September 2019
Volume 19, Issue 10
Open Access
Vision Sciences Society Annual Meeting Abstract  |   September 2019
No modulation by expectation of the sensory response to object images as measured by MEG
Author Affiliations & Notes
  • Ying Joey Zhou
    Donders Institute for Brain, Cognition and Behaviour, Radboud University
  • Alexis Pérez-Bellido
    Donders Institute for Brain, Cognition and Behaviour, Radboud University
  • Saskia Haegens
    Donders Institute for Brain, Cognition and Behaviour, Radboud University
  • Floris P de Lange
    Donders Institute for Brain, Cognition and Behaviour, Radboud University
Journal of Vision September 2019, Vol.19, 271c. doi:https://doi.org/10.1167/19.10.271c
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      Ying Joey Zhou, Alexis Pérez-Bellido, Saskia Haegens, Floris P de Lange; No modulation by expectation of the sensory response to object images as measured by MEG. Journal of Vision 2019;19(10):271c. doi: https://doi.org/10.1167/19.10.271c.

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      © ARVO (1962-2015); The Authors (2016-present)

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Abstract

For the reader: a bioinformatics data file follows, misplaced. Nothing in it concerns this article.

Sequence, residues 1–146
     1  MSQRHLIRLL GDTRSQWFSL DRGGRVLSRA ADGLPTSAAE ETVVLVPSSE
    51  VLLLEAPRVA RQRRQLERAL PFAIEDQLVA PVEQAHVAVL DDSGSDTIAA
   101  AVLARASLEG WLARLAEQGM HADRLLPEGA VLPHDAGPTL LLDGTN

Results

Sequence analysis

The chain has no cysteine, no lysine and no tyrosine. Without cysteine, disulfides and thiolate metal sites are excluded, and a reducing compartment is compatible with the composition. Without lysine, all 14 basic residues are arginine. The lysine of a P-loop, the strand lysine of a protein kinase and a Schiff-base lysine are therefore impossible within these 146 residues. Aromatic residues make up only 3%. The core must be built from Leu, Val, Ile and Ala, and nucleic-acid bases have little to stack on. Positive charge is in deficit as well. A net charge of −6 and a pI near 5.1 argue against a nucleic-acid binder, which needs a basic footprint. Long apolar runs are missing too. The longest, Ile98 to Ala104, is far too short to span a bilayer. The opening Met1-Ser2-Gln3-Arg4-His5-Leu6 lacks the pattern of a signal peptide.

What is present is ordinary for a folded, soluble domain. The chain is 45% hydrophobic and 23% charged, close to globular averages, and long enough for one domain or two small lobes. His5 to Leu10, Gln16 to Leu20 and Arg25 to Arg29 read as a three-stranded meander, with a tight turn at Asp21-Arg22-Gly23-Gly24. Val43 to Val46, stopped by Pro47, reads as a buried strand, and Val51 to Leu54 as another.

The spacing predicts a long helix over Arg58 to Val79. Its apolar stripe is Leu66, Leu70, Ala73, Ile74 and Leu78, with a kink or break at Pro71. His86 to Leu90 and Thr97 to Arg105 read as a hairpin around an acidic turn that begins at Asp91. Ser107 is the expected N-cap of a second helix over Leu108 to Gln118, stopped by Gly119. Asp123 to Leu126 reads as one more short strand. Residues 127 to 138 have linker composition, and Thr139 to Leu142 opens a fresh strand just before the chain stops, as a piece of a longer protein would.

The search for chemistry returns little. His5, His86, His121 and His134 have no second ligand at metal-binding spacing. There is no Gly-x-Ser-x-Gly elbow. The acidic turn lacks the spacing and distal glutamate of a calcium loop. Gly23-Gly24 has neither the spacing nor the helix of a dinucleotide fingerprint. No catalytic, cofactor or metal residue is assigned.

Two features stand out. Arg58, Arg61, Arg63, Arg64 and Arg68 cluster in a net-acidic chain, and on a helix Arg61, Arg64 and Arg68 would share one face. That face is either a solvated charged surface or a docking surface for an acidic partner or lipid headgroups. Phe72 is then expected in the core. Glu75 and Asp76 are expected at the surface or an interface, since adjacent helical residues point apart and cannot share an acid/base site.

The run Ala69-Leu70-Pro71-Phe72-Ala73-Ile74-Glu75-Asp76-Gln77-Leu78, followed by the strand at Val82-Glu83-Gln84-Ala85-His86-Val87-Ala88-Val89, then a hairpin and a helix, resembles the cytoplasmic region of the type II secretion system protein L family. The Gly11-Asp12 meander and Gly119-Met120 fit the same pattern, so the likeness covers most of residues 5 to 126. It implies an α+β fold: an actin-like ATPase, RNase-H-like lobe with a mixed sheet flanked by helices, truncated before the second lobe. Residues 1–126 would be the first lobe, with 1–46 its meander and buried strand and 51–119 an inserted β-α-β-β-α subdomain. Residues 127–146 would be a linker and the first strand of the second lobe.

Several studies have found that expected stimuli evoke a reduced neural response compared to unexpected stimuli (“expectation suppression”). Using a statistical learning paradigm, we asked whether this neural response difference between expected and unexpected stimuli stems from i) a suppression of the expected, ii) an enhancement of the unexpected or iii) both. On Day 1, participants (N=34) were exposed to 9 leading and 6 trailing images, which were paired such that a leading image was followed either by a specific trailing image (“expected” pair), or by any of the trailing images equally likely (“neutral” pair). Participants’ task was to respond when an image was presented upside-down. On Day 2, participants performed the same task, while their neurophysiological activity was recorded with MEG. The same images used on Day 1 were presented, with the only difference being that the leading images of those “expected” pairs were occasionally (8%) followed by any trailing image not paired with them before (“unexpected” pair). Immediately after MEG recording, participants were tested on their knowledge about the image pairs. Surprisingly, we did not observe any modulation of sensory activity by expectation, in either event-related fields, oscillatory low-frequency activity, or high-frequency band activity (70–150 Hz). Our results are unlikely due to participants’ ignorance of the predictive relationship between images, given that participants exhibited reliable behavioral benefits for expected pairs in the post-MEG test, when they had to categorize the trailing images as fast as possible. These results are surprising given that robust expectation suppression effects in the visual ventral stream have been reported with statistical learning paradigms in both human fMRI and primate single-cell studies. As EEG/MEG activity primarily reflects population-level post-synaptic potentials generated within the apical dendrites of pyramidal neurons, our results may constrain the type and neural locus of neural activity modulations induced by expectation.

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